Table titled "A range of institutions that have created post-bad fellow positions" with rows for 1. name of institution 2. kind of institution 3. location and 4. purpose of position.
Example of a landscape table from Pedagogical Partnerships: A How-To Guide for Faculty, Students, and Academic Developers in Higher Education, by Cook-Sather, Bahti, and Ntem, Center for Engaged Learning Open Access Series.

Your table should be as simple as possible, so that it fits nicely onto the page but also to lessen the strain on your readers’ cognitive load. Include only the data you need to make your argument. Write headings with clear, simple language. Use color and lines/dividers sparingly. Jonathan A. Schwabish has a great list of ten guidelines for formatting tables effectively.

Make sure it stands on its own

Some readers will certainly read your table before (or even instead of) reading your text, so you have to make sure it makes sense out of context. “A table should be as simple as the material allows and understandable on its own; even a reader unfamiliar with the material presented should be able to make general sense of a table” (Chicago Manual Of Style, 148). Always include a title, and make it easy to read and understand. A note can be included below the table to provide any necessary explanation.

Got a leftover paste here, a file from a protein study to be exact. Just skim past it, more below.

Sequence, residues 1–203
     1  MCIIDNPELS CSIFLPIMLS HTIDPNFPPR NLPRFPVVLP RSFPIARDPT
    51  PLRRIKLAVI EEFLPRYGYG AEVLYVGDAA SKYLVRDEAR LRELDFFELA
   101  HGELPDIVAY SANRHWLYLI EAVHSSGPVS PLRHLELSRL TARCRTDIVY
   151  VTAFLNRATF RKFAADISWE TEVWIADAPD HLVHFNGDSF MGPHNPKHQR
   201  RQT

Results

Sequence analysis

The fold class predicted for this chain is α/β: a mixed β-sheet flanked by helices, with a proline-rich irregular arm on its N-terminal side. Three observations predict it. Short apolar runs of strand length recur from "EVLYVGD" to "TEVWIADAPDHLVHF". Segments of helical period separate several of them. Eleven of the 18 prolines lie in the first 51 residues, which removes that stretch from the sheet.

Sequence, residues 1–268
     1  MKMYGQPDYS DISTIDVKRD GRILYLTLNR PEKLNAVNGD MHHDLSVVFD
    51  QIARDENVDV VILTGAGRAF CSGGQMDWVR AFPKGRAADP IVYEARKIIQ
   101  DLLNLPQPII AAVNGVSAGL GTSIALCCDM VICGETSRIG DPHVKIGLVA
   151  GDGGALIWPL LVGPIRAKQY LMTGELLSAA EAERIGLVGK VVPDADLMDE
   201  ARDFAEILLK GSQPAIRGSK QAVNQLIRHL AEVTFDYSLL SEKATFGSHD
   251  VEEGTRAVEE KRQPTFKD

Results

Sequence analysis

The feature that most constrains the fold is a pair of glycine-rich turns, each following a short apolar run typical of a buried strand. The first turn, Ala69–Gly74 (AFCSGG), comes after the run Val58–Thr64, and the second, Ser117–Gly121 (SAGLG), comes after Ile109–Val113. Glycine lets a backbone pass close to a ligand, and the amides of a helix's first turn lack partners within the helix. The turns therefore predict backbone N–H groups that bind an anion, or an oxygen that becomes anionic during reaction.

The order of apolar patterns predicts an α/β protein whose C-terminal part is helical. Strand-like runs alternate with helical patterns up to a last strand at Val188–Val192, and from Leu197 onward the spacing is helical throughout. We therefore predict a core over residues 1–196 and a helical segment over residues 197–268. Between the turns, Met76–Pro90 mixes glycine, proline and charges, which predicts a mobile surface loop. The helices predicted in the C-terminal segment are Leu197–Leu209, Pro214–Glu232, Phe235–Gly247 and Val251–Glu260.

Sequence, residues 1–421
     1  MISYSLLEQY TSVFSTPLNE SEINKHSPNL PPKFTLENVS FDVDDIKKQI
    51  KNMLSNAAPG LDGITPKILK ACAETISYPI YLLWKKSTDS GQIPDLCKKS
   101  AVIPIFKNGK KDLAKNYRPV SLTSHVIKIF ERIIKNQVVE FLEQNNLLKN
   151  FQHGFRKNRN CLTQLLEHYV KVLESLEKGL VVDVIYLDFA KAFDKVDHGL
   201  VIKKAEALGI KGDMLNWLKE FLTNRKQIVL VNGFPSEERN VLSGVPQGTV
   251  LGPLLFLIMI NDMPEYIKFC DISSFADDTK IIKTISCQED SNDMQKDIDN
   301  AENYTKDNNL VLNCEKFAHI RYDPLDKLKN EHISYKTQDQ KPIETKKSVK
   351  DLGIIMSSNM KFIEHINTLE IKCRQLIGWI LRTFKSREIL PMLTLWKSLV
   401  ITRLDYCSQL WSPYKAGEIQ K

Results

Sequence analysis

The main text should highlight the most important points of the table and give a sense of the data’s significance, but make sure you don’t duplicate the table’s content in text form. This explanation usually is unnecessary and lengthens your text. In your manuscript, avoid writing “in the table below” or “in the table on page 32” or anything similar — in the typesetting stage, tables will move around based on what layout will work best. Number your tables and use those numbers to refer to tables in the text.